Reading with Kids: Are eBooks as Good as Printed Books?

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African American Family Using Tablet Computer

We’re inundated with technology. For better or worse, it’s everywhere including how we read. The popularity of eBooks is growing among adults and kids alike and for good reason. It’s tough to beat the convenience and the immediacy of having lots of reading material on one slim, portable device. However, when it comes to kids and eBooks, we have to wonder if this electronic, touch screen responsiveness is good for their developing brains? Or are traditional printed books better for young readers who are building their literacy skills? Those are difficult questions to answer, but here are some points to consider.
Technology Allows for More
Early education specialists see both pros and cons of what eBooks can offer. The technology allows for more interactivity, like Q and A’s to promote understanding as well as animations instead of static images and an audio track to read the book to kids. These are all huge advantages over printed books. However, eBooks may discourage the patience that traditional books teach and require. Plus, if there’s too much animation in an eBook, it’s not really a book — it’s more like a TV show.
Also, eBooks may discourage parent-child interaction. Parents may not feel obligated to read to their kids if there’s an eBook voice to do it for them, and research suggests that they’re less likely to talk to kids about eBooks than printed books.
The Cool Factor
While most kids have a natural love of books and want to learn how to read, some simply don’t. However, those same kids love to play with iPads, so eBooks may be extremely beneficial for kids who are averse to reading, especially if they’re reading eBooks with more interactive features. However, reading an eBook is still technically screen time, which according to the American Association of Pediatrics, is something that kids should have limited access to. The AAP suggests limiting it to less than two hours a day for kids.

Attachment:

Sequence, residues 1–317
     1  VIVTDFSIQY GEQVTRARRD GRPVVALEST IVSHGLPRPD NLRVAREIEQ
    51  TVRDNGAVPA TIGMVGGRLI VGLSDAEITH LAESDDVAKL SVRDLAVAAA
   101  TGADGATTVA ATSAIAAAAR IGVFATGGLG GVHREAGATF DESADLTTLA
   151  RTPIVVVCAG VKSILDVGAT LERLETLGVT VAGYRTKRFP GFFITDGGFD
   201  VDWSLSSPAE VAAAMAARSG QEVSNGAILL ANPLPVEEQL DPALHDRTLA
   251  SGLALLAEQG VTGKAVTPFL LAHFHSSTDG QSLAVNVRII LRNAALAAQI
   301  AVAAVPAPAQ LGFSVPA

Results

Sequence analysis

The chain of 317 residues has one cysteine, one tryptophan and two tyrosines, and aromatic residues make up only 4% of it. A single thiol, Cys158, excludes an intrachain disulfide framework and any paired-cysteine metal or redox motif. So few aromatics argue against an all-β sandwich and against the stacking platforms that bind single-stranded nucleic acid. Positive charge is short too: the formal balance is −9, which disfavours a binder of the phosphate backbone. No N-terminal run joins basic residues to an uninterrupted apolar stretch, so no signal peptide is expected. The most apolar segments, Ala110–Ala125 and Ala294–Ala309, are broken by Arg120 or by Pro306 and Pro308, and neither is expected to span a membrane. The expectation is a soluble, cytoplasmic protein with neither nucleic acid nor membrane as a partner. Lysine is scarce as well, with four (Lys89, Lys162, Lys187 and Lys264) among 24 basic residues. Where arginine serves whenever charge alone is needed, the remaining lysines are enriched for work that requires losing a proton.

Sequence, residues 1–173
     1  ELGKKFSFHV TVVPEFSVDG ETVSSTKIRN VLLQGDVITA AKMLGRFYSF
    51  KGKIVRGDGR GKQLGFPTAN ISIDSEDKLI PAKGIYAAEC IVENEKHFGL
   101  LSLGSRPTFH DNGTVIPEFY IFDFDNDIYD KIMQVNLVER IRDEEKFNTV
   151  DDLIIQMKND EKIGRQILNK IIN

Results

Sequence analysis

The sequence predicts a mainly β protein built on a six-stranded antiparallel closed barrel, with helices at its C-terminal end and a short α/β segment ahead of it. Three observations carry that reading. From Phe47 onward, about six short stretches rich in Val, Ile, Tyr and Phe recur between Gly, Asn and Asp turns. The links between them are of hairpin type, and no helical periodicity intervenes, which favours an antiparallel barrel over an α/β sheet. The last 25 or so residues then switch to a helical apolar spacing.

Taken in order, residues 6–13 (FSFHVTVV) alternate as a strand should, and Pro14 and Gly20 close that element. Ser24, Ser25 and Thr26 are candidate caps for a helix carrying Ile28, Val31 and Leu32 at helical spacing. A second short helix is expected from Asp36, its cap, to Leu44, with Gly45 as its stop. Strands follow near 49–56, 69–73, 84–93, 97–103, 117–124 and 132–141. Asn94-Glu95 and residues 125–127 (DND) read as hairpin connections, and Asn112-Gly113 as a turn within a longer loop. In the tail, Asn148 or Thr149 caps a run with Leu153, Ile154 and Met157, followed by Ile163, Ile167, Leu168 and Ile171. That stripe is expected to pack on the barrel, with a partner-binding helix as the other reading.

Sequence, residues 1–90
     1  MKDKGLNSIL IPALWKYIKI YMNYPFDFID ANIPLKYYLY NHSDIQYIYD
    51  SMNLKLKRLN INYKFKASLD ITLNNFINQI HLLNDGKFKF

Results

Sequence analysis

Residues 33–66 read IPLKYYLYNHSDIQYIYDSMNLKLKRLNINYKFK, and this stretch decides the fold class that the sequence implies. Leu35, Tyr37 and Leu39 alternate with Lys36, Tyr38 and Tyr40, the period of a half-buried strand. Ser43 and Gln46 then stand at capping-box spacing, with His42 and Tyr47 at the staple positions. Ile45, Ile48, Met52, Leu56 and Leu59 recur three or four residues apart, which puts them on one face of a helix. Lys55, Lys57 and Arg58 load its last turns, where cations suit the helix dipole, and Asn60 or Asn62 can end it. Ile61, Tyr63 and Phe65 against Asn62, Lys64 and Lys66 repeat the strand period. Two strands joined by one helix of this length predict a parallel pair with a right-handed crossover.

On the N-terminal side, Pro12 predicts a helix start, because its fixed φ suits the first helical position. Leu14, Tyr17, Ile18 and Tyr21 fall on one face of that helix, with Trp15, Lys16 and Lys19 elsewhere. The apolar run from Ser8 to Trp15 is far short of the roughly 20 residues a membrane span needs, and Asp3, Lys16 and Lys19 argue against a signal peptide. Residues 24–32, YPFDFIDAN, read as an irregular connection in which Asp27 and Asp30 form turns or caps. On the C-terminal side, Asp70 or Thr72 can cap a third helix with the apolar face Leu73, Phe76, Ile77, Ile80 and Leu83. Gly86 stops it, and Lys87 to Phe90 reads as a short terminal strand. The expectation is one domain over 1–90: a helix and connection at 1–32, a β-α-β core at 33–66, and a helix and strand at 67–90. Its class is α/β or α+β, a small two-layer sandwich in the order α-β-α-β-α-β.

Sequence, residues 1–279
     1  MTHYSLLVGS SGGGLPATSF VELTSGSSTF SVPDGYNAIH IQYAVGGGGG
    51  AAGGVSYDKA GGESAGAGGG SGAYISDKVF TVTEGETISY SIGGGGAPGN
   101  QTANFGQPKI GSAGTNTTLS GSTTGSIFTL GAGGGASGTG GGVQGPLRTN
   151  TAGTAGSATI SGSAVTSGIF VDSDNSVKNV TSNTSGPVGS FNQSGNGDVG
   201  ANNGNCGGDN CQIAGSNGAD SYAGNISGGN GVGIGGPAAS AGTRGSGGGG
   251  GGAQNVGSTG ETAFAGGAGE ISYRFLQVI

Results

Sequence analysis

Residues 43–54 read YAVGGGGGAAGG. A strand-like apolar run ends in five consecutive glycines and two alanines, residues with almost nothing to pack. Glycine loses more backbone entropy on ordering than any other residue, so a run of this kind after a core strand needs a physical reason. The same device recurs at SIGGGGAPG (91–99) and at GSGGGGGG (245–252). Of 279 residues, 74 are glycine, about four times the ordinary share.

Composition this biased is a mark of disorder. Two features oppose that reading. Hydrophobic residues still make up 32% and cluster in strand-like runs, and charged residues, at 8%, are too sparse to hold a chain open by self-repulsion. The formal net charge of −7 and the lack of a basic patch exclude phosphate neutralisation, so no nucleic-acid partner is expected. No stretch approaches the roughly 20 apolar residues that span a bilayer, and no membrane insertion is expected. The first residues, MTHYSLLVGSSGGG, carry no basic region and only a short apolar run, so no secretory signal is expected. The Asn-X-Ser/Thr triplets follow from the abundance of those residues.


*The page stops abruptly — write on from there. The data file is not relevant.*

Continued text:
Financial Pros and Cons
If you have an ereader at home, buying eBooks is typically less expensive than buying printed books because you’re paying for only the copyright and not for actual materials. Plus, many municipal libraries have eBook collections from which their patrons can borrow. These are fantastic because not only are they free to read, but they’ll never rack up overdue fines, as they just delete themselves from your ereader when your borrowing period has ended. However, lots of school libraries are already heavily invested in printed books and may not have the capital to purchase eBooks and enough ereaders for students. Schools that can make a bigger move to eBooks and ereaders, though, have access to many more titles as compared with printed books.
A Verdict
Ultimately, both eBooks and printed books are great learning tools when they are used properly. There’s definitely a place for both in developing early literacy skills and teaching kids to love reading. Parents want to be sure that they are choosing high quality eBooks for their kids, such as the ones you’ll find at iStorybooks. Also, parents should remember that a device, no matter how advanced it is, is not a substitute for reading time and interaction with their children. Whether it’s with eBooks or printed books, encouraging kids gives them a lifetime of fruitful and enjoyable education.